Letter From the JCTS Editor: Time for Action
Once again, we face the reality of images of people being gunned down just trying to live their normal lives. We have seen this multiple times in Ukraine, a country far away, during recent months but it is a far too common event in our own country. In Buffalo, 10 people were taken away from their loved ones in a blink of an eye. Given the repeated occurrences of such events, it is time to address deeper underlying societal reasons. We need to ask ourselves who we are and what type of society we want to live in. It is almost unbelievable that only a few days after this event we are witnessing yet another massacre of elementary school children, their bright future taken away forever. These children and their families were robbed of the right to be safe in one of the most basic elements of society, a school. The increasing societal violence is a public health problem and solutions will require public efforts including education. It is therefore concerning that education about these matters seem to be increasingly questioned and quite frankly, society seems paralyzed in making any meaningful progress.
In many of the recent cases of mass violence minority groups have been targeted. In a historical perspective, minority groups, be it religious groups, racial or ethnic groups, or groups that have immigrated or sought a refuge from persecution elsewhere, have often been targets for channeling fear and anger in broad population groups. Fanning such flames have reflected attention from other societal issues in need of solutions. We need to understand what the factors are that fuel such actions and take appropriate actions. It is time to adopt the term “All of Us” also in this regard as a broad societal engagement is what it will take to get changes.
At the same time, there is reason for optimism. There is an opposite current in society with a genuine and deep focus on diversity, equity and inclusion. This concept is being increasingly embraced. By examining conditions that would lead to a better society and indeed better population health, we will increasingly be in a better position to address the many challenges that need to be overcome. These two currents operate at the same time and it is important for the clinical and translational science community to be engaged. JCTS recently issued a call for a thematic issue on this subject. While we still are in the process of handling submissions, it is already very clear to us that this theme has resonated deeply. We received a large number of manuscripts and once completed, this thematic issue will undoubtedly have significant impact.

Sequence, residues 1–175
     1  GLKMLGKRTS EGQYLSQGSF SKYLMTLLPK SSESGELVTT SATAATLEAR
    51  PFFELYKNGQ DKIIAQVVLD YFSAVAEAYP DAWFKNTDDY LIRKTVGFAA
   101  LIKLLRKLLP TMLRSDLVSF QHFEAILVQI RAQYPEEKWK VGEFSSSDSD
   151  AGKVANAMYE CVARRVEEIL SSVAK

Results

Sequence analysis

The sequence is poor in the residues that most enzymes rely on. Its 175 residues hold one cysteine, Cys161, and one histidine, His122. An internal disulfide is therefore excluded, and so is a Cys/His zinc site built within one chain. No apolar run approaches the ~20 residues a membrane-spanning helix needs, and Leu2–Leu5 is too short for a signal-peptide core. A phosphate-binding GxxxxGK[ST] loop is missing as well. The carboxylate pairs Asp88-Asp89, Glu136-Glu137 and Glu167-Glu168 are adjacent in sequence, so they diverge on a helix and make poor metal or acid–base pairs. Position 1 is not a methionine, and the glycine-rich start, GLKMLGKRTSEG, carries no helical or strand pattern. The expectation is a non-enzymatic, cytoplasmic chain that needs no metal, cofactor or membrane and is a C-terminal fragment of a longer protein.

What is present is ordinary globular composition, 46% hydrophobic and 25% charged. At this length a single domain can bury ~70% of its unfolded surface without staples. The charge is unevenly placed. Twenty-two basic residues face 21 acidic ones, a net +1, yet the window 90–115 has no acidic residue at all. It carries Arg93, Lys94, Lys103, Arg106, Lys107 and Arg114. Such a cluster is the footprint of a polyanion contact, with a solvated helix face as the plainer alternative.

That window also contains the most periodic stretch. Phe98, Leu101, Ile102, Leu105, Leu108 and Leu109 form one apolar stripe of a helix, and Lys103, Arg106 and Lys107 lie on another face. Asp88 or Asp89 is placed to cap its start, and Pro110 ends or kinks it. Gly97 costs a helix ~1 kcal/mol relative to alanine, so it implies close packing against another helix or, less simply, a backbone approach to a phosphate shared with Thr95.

Just a couple of weeks ago, JCTS published a paper by Timothy Murphy and colleagues from the University of Buffalo to develop a community dialogue to address deep going health disparities due to social determinants of health. The paper details four (4) annual conferences with participation of community members, public and non-profit representatives and academia. One working group on nutrition and food security has been active in conducting a food bank based at a church on the East Side of Buffalo. Efforts like these are important in helping to build coalitions and trust and to identify goals and projects relevant to the community. We hope that there will be many other examples like these throughout the country that can together weave a story of how we collectively work to build bridges and form partnerships and to overcome the negative societal currents.
Lars Berglund, M.D., Ph.D., FAHA
Editor-in-Chief, Journal of Clinical and Translational Science (JCTS)
Lasker Clinical Research Scholars Program
The National Institutes of Health, in partnership with the Lasker Foundation, is pleased to announce the 2022-23 Lasker Clinical Research Scholars Program. The program supports clinical researchers in the early stages of their careers, to promote their development to fully independent positions. Lasker Scholars are appointed as independent, tenure-track level investigators in the NIH Intramural Research Program for 5 years, followed by 3 years of funding at an extramural research institution (up to $500,000 direct costs per year) or continued appointment in the intramural program. Candidates must have a clinical doctoral degree and a professional license to practice in the United States, and cannot already have obtained tenure at a research institution. The application deadline is June 24, 2022.
More information can be obtained at the Lasker Scholar website, or by contacting Dr. Chuck Dearolf at LaskerScholar@nih.gov.
News From the Hill: May 25, 2022
Thus far, House and Senate appropriations have stuck to their ambitious timeline for moving Fiscal Year (FY) 2023 spending bills forward to passage and enactment. Both chambers have been hosting hearings with the National Institutes of Health (NIH) and other agencies for funding feedback and priorities discussion. . Both chambers have also invited outside organizations to provide testimony of funding recommendations and key programs as well, and CCTS has actively participated in this process.
Read more on the ACTS Advocacy page.
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